RAU and Powerhouse Company developed H2Otel, a luxurious and completely sustainable hotel for Amsterdam, The Netherlands. The project, a prototype for luxury hotel typologies, is shown at the National Design Triennial ‘Why Design Now?’ at the Cooper Hewitt National Design Museum in New York. More images, a video and architect’s description after the break.
Introduction How to make a hotel tower more sustainable? As a typology, the modern hotel is at odds with the concept of sustainability. Most of the time they are empty and unused, yet they have to be fully accessible, comfortable and pleasurable all the time. Guests usually enter their rooms in the evening. Large glass planes provide stunning views but also heat up the rooms when no one is there. The biggest energy consumer in hotels is usually the cooling system. So, why are the facades of most highrises the same on all sides, despite their different exposure to sunlight? Apart from that, modern hotels are increasingly build according to global formulas in brownfield locations. How do we create a local sense of place while using the particular efficiency if the hotel typology? Water Water is an important theme of the H2Otel. Situated alongside the Amstel river, the hotel is overlooking the historic center with its numerous canals, the docks on both banks of the River IJ and, on a clear day, the North Sea. But the name, H2Otel, does not only refer to its scenic views. Water is the building’s main carrier of energy. Through oxy-hydrogen generators water can be used for heating, cooling, cooking and the generation of electricity.
Efficiency Fluctuating occupancy rates are an obstacle in reaching efficient climate control, especially in large hotels. In order to improve efficiency, an adaptive, sensor-based climate system monitors and controls the indoor climate in real time and for each room individually. It recognizes the number of occupants in a room and adjusts the level of conditioning accordingly. Conditioning is automatically switched off in empty rooms. This climate system helps to save approximately 40% of the building’s energy consumption. While innovative technology is an important asset in achieving energy efficiency and carbon neutrality, inventive design solutions make a crucial difference in keeping the building’s demand for energy at a minimum in the first place.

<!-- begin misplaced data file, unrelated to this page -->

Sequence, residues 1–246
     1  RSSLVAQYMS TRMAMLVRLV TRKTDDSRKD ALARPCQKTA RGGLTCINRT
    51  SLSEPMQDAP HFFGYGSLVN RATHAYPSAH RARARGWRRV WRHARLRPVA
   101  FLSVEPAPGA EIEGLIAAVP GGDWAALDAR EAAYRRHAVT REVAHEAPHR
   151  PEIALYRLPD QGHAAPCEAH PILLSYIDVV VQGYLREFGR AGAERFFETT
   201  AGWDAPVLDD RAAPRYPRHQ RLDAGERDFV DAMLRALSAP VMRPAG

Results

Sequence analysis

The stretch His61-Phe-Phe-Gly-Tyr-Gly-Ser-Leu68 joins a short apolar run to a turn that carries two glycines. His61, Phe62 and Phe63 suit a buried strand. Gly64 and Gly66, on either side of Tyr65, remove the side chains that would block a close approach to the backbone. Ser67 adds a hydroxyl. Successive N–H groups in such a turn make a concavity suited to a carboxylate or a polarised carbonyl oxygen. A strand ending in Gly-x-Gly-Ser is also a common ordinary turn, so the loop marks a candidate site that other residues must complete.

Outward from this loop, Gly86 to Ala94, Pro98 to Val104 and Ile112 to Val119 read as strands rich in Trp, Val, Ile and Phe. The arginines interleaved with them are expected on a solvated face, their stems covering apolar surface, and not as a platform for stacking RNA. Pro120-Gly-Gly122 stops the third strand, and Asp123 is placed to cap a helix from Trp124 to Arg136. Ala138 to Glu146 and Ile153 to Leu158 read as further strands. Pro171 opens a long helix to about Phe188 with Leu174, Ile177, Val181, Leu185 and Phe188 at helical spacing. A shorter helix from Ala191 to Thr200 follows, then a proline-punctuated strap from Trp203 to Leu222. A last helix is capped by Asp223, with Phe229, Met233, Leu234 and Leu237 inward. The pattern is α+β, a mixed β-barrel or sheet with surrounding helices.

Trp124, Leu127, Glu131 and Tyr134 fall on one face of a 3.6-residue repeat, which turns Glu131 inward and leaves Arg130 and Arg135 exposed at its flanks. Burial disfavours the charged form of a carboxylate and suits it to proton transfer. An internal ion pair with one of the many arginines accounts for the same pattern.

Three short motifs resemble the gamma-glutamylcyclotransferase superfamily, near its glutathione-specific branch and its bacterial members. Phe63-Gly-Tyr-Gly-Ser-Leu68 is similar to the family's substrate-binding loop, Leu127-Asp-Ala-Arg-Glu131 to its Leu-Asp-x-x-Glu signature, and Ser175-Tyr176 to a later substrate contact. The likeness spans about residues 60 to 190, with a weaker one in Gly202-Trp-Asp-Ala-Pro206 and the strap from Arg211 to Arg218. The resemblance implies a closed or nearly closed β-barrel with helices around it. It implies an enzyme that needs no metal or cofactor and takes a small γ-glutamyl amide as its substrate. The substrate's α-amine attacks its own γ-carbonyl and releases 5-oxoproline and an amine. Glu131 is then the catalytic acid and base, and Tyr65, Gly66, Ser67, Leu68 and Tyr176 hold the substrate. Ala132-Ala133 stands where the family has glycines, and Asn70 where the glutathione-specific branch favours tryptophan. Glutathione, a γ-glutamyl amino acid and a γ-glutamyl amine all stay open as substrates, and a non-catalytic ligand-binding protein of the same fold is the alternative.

Fanning out facade The design of the hotel unfolds around one basic principle: the fanning out pattern of the facade. The dense arrangement of wooden lamellas on the south-facing facade protects the building from overheating at mid-day and during the warm season. The interval of lamellas gradually decreases towards the northern side, thereby opening the building up to morning and evening sun as well as spectacular panoramic views over the historic center of Amsterdam. The closed facade towards the south does not only block of direct sunlight and heat, but also the noise of the adjacent train tracks. The compact verticality of the southern facade turns the tower into a landmark and gives the area the desired urban density. The openness of the north side, on the other hand, embraces its unique location and connection to the center of the city.
Light The facade is made of thermally treated softwood. The edges of the wooden facade panels are clad with anodized aluminum, reflecting light into the rooms and creating the ‘golden glow’ known from the paintings of the Dutch masters. A large atrium intersects the building. At the lower levels, the atrium serves as a spacious and inviting entrance hall. On the upper-floors, the atrium provides a clear, light-flooded routing to the rooms. The floor plans maximize the view of the historic center. As the tower becomes more slender towards the upper levels, a number of roof terraces offer some of the city’s most exciting outdoor retreats.
Innovation While the H2Otel might appear to be a high-tech building, almost all of the design principles and technical applications used in the building are already known to the market. If any innovative aspect can be found in the building, it stems from our determination to take responsibility for the long-term impact of our design. To adopt an attitude that seeks to surpass legal and moral expectations rather than breaking technological frontiers.